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Google Exec's 136,000-Foot Stratosphere Jump Breaks Record

Alan Eustace traveled a whopping 800 miles an hour during his fall, breaking the sound barrier.
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A 57-year-old Google executive broke the world record for the highest-altitude jump on Friday, reaching a peak velocity of a whopping 800 miles an hour during his 135,908-foot fall.

The New York Times first reported on the feat of Alan Eustace, who is a senior vice president at Google, and the U.S. Parachute Association confirmed the record to NBC News. According to the Paragon Space Development Corporation, which worked with Eustace to plan the jump, he ascended into the stratosphere via a helium balloon that rose at 1,000 feet per minute over Roswell, New Mexico. After about two-and-a-half hours, Eustace cut himself loose and plummeted toward Earth from more than 25 miles up. Within 90 seconds he broke the sound barrier. At 18,000 feet he deployed a parachute, and within 15 minutes after cutting the cord he was safely on the ground.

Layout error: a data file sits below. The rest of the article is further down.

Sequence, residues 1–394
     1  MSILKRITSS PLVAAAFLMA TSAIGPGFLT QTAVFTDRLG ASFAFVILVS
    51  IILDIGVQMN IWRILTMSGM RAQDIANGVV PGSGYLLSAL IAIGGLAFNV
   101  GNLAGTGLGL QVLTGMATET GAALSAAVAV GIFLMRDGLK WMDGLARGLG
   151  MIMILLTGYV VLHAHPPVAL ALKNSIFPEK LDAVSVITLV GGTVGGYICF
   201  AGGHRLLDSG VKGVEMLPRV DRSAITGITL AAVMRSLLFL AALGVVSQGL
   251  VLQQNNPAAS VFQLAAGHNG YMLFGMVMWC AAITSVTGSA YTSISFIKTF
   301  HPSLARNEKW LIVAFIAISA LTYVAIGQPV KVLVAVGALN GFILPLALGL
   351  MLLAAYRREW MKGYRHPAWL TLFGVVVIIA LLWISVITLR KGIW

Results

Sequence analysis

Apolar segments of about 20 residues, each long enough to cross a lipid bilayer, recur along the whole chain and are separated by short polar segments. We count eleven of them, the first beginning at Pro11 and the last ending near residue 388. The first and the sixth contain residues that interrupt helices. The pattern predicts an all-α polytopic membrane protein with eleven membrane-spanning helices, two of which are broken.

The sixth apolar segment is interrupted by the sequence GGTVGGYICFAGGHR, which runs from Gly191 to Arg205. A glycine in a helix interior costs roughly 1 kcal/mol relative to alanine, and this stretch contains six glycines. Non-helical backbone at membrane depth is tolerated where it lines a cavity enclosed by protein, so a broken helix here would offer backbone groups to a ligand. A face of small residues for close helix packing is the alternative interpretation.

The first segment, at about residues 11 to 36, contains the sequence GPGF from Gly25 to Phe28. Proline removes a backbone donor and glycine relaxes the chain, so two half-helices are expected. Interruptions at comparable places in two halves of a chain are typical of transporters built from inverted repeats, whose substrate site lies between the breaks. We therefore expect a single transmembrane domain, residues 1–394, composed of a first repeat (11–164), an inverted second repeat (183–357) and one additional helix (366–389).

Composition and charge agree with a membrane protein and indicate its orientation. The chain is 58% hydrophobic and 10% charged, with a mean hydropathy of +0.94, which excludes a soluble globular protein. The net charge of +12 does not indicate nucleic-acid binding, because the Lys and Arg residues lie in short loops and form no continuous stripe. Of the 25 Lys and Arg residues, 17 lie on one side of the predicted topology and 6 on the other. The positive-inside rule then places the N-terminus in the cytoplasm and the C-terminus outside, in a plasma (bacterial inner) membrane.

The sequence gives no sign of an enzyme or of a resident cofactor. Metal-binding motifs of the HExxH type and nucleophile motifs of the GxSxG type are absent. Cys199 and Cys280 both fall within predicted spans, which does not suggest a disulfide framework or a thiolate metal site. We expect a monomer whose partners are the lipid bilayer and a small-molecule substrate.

Eustace's daring leap broke the previous record set by Felix Baumgartner, who jumped 127,852 feet in October 2012. "It was amazing," Eustace said, according to the Times. "It was beautiful. You could see the darkness of space and you could see the layers of atmosphere, which I had never seen before." Eustace also became the second person — after Baumgartner — to break the sound barrier outside an aircraft, according to Paragon.



- Julianne Pepitone